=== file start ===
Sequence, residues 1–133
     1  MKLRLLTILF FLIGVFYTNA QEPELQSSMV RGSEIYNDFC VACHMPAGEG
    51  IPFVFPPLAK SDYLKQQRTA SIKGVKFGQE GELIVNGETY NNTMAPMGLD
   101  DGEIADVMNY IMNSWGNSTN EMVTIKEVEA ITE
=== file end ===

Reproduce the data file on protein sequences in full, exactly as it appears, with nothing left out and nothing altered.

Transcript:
Sequence, residues 1–133
     1  MKLRLLTILF FLIGVFYTNA QEPELQSSMV RGSEIYNDFC VACHMPAGEG
    51  IPFVFPPLAK SDYLKQQRTA SIKGVKFGQE GELIVNGETY NNTMAPMGLD
   101  DGEIADVMNY IMNSWGNSTN EMVTIKEVEA ITE